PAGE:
In Leo Tolstoy’s short story “What Men Live By,” Simon’s living conditions are not lavish. He doesn’t own a big home or ample land. In fact, he doesn’t own any kind of house or even a tiny bit of land. Simon lives in a peasant’s house, which means that he lives in a small, one-story home. A shoemaker, Simon has a source of income; but most of the money that he earns goes toward food for him, his children, and his wife, Matryona.
Simon’s poor living conditions could be illustrated by the sheepskin coat. Simon and Matryona can’t afford separate sheepskin coats; they have to share one. The coat that they share is torn and frayed. The ragged condition of the coat arguably reflects Simon and his family’s distressing living conditions.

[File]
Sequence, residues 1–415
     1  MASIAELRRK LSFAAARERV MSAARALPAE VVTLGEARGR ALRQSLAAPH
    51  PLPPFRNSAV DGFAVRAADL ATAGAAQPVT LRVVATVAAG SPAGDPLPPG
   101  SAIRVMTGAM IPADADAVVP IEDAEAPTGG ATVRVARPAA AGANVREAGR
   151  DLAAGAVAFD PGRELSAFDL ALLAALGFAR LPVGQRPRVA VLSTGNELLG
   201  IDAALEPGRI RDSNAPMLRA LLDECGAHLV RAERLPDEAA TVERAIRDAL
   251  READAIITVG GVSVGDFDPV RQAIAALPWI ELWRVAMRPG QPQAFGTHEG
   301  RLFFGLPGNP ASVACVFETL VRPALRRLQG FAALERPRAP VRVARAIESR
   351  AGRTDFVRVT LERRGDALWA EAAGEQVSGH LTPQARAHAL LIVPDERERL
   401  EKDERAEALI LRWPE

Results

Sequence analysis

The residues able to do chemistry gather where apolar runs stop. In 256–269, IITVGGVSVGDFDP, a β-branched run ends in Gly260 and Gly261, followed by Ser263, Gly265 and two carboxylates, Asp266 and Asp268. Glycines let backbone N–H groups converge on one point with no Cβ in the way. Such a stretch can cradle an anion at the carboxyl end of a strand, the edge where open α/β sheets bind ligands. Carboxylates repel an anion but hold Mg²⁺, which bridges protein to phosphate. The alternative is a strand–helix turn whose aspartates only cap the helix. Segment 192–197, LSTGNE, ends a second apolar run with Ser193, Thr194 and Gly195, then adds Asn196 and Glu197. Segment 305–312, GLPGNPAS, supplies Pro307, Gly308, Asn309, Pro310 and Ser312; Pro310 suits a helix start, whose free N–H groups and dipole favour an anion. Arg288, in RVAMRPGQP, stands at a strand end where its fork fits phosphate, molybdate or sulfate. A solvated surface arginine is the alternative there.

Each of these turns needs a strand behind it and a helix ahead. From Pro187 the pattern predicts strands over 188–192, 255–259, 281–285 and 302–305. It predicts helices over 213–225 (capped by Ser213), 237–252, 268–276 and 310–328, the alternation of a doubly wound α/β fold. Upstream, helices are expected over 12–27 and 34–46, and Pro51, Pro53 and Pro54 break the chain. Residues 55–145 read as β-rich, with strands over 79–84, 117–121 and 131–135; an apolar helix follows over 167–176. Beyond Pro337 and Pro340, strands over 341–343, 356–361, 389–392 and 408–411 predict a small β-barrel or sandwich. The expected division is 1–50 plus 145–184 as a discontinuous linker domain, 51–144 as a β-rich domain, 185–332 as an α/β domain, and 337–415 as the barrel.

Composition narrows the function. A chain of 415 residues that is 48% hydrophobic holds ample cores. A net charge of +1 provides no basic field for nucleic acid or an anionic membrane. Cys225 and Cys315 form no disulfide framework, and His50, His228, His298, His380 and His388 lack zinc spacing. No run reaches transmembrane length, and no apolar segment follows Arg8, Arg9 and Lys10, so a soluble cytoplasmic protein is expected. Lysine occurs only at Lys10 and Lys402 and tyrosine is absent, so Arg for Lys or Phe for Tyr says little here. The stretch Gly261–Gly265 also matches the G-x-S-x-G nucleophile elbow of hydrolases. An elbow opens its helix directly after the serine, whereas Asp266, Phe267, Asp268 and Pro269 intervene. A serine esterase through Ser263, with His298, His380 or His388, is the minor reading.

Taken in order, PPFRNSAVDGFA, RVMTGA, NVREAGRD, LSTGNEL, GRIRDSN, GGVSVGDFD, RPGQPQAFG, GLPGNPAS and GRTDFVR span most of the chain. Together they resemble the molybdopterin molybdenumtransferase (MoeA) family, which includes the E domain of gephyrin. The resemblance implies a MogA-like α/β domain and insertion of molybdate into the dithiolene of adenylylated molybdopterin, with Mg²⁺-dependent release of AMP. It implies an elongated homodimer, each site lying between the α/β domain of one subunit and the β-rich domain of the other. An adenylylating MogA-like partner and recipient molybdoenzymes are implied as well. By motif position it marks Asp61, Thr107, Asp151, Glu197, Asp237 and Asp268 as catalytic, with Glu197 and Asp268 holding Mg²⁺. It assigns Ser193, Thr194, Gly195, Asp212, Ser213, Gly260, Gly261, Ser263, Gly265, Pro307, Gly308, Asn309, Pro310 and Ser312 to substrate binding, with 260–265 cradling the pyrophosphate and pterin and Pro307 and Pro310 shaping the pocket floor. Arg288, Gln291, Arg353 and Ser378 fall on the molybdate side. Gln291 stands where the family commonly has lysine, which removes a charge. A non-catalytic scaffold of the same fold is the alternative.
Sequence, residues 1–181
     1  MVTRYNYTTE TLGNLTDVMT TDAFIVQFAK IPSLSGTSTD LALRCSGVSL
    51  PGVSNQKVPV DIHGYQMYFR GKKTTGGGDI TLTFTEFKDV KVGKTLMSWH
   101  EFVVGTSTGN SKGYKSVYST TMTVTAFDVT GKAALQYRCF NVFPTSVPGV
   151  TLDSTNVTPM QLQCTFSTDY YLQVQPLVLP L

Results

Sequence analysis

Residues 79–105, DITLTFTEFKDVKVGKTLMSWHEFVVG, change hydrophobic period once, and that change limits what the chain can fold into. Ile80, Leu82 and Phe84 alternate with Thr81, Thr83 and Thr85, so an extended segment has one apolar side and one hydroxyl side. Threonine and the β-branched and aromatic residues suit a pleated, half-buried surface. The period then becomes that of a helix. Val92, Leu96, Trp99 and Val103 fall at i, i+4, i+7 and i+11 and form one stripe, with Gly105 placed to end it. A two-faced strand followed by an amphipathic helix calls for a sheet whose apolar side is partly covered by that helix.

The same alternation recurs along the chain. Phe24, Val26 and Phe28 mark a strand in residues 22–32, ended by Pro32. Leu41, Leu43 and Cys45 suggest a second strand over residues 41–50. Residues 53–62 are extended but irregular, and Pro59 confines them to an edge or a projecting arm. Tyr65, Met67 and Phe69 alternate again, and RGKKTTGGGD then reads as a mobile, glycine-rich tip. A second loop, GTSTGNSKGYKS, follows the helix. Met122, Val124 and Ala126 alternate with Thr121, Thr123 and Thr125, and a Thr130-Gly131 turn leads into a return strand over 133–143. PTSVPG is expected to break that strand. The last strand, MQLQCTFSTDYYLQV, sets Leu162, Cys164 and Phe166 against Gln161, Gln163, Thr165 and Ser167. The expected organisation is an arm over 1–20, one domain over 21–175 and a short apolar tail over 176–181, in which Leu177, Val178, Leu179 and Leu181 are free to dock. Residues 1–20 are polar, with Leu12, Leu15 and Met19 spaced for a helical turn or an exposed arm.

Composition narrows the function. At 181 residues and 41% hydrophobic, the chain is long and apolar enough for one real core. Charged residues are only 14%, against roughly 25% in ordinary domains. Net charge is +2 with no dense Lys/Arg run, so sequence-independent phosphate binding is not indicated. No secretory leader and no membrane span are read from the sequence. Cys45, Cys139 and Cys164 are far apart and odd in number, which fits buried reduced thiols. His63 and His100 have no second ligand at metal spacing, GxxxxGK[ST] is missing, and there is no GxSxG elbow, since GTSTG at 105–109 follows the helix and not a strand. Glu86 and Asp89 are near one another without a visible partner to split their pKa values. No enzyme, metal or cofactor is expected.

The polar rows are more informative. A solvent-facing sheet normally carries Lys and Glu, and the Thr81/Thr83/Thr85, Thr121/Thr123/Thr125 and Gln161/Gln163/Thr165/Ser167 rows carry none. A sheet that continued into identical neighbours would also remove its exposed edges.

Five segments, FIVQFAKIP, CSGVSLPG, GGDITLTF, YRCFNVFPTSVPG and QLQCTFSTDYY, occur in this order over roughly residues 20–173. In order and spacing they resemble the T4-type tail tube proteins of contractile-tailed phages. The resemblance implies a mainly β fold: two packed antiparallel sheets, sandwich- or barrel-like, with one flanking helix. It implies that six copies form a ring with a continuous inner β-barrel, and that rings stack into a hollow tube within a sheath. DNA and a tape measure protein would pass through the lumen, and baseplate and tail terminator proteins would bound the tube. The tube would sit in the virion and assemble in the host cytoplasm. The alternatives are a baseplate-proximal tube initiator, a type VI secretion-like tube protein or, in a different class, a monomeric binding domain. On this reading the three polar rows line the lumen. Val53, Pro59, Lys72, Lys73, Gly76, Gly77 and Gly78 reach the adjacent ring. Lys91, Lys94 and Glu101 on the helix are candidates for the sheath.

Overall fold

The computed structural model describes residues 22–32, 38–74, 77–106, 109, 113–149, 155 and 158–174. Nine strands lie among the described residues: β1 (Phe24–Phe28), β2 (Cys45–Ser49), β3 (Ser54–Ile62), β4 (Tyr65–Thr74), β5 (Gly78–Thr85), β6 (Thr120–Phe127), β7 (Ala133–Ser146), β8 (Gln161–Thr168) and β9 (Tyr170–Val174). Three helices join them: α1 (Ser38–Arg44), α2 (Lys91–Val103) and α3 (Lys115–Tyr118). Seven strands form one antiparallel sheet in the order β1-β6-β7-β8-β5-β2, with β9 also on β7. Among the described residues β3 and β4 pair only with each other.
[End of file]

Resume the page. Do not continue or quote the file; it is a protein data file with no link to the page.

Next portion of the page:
Simon tries to better their living conditions. He intends to buy him and his wife new sheepskins that can be used for a new coat. To do so, Simon has to collect the money that other peasants owe him. As the other peasants’ living conditions are penurious, getting money out of them is no easy task. Frustrated, Simon spends the little money that he receives on vodka instead of on sheepskins.
Despite Simon’s difficult living conditions, he manages to show compassion. When he comes across the needy stranger, Simon helps him and lets him stay in his peasant’s home.